"The New Gilded Age": Questions, Concerns, and Alternatives to an Undertheorized Idea
This paper argues against the historical and political utility of the idea that we are living in a "new" or "second gilded age." Oft-noted resemblances between our time and the late nineteenth century-e.g. high rates of inequality, weakening workers' power-are real but in many ways superficial. The idea rests upon an abstracted model of American history as binary oscillation between reaction and reform, which covers over the critical differences between our time and the Gilded Age. First, the Gilded Age political economy was a period of rapid capital accumulation, during which the American economy could not consume enough labor. The "Second Gilded Age," on the other hand, is characterized by the expulsion of labor from formal and particularly industrial employment. This distinction follows from the second significant difference, which is the existing political economy in which the "Second Gilded Age" occurred. The unequal and financialized economy of our time follows the social democratic industrial economy, elements of which persist into our time and continue to shape it. By observing the history as cumulative rather than binary, we can see these continuities more clearly, and better grasp the shape of neoliberalism as it actually exists.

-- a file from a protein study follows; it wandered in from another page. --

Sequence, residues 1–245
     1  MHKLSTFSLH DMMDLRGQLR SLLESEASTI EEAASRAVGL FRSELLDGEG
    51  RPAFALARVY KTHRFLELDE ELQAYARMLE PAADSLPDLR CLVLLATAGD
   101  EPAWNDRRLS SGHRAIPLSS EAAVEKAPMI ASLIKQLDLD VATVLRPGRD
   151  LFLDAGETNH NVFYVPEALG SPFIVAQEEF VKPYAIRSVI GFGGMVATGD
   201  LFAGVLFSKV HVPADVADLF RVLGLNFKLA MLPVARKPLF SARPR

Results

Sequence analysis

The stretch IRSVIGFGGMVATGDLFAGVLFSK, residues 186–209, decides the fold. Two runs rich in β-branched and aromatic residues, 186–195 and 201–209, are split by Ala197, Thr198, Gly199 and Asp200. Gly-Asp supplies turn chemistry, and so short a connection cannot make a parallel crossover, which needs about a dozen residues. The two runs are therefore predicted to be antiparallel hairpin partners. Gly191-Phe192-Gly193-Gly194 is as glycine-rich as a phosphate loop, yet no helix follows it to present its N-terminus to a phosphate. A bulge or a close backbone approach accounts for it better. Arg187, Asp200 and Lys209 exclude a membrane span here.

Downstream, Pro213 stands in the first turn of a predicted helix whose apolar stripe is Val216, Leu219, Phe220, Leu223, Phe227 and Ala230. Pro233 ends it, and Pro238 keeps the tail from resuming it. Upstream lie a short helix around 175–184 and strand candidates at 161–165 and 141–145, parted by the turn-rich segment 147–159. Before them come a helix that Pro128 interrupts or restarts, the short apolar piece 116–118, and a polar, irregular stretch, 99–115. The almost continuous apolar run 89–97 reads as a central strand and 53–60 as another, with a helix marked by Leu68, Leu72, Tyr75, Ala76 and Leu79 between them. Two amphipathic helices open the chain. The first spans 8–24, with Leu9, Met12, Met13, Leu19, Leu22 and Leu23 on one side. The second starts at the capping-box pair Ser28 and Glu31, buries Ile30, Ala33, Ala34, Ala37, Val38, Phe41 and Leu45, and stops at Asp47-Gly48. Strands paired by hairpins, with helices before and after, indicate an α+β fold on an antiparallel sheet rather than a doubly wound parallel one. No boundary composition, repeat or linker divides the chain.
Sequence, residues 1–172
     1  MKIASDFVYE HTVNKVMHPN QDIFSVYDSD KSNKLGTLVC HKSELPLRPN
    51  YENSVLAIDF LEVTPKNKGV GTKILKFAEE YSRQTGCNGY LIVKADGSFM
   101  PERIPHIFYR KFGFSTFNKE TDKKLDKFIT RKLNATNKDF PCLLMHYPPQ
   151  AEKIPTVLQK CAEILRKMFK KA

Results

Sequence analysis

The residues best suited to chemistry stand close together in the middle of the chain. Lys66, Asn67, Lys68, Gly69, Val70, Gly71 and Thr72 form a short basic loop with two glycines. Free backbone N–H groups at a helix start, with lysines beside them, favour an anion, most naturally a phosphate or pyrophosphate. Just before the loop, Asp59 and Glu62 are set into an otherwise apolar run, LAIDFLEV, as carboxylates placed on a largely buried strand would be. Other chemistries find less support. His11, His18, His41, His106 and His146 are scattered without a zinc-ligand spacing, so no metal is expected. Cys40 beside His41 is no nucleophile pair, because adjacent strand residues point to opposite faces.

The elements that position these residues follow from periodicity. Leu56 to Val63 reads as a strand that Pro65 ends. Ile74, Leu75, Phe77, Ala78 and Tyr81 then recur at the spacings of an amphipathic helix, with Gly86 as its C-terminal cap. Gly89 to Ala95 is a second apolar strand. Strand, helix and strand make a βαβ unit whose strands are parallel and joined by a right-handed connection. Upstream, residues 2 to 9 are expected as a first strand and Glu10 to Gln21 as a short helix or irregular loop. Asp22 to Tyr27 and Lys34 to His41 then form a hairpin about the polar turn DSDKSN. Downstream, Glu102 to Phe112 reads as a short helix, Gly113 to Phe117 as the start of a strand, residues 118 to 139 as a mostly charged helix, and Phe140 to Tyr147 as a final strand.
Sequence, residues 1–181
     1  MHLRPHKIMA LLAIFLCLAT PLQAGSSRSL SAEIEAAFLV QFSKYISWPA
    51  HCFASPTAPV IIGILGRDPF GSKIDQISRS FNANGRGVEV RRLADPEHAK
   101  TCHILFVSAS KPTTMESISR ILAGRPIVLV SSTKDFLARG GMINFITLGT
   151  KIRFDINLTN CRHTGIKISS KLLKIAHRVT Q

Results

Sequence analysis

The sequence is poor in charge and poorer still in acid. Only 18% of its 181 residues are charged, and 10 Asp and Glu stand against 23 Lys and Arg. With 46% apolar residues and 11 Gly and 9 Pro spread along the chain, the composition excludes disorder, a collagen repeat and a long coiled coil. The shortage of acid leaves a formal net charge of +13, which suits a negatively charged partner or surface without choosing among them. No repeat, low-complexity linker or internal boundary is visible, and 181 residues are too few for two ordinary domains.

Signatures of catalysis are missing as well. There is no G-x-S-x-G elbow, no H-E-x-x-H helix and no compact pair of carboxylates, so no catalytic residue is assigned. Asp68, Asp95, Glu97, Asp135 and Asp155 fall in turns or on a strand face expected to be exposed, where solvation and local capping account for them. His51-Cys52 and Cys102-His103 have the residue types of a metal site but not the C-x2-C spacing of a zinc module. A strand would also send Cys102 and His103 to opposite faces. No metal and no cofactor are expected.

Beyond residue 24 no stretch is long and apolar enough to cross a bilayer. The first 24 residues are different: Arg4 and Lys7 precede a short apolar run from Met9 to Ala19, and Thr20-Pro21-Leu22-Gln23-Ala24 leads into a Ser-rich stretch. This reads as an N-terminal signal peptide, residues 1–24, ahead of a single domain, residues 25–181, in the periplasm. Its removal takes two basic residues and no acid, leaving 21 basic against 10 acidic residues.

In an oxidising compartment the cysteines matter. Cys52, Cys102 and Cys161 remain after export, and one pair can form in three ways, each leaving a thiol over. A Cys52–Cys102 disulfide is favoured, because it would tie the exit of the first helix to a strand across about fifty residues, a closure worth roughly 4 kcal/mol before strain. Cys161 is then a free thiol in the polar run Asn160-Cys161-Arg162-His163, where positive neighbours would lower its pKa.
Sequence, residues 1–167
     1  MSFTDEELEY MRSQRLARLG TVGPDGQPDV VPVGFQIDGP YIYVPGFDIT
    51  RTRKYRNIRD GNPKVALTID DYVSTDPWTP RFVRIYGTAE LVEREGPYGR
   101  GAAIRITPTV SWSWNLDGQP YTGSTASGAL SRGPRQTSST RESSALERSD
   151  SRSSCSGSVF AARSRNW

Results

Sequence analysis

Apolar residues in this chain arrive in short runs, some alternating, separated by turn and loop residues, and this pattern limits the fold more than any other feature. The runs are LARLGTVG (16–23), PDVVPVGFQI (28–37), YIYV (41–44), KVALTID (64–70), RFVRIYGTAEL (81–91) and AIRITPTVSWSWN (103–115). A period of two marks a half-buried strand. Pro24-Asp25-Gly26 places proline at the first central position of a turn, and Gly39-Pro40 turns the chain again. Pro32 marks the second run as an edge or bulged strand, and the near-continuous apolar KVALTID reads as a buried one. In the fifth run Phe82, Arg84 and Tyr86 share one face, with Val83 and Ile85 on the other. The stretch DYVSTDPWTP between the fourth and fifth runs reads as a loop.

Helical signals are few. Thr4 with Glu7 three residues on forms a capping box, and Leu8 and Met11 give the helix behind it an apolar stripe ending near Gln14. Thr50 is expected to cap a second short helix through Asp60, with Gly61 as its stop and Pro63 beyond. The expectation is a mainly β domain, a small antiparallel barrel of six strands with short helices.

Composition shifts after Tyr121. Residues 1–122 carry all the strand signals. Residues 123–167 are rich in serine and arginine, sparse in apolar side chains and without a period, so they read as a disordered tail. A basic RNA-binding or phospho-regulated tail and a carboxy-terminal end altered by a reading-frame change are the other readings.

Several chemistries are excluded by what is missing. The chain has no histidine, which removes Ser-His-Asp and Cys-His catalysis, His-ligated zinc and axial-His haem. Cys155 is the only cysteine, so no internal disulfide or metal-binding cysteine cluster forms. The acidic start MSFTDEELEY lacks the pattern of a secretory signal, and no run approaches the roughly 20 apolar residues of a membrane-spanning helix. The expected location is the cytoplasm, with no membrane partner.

Respondents: Destin Jenkins, University of Chicago and Rudi Batzell, Lake Forest College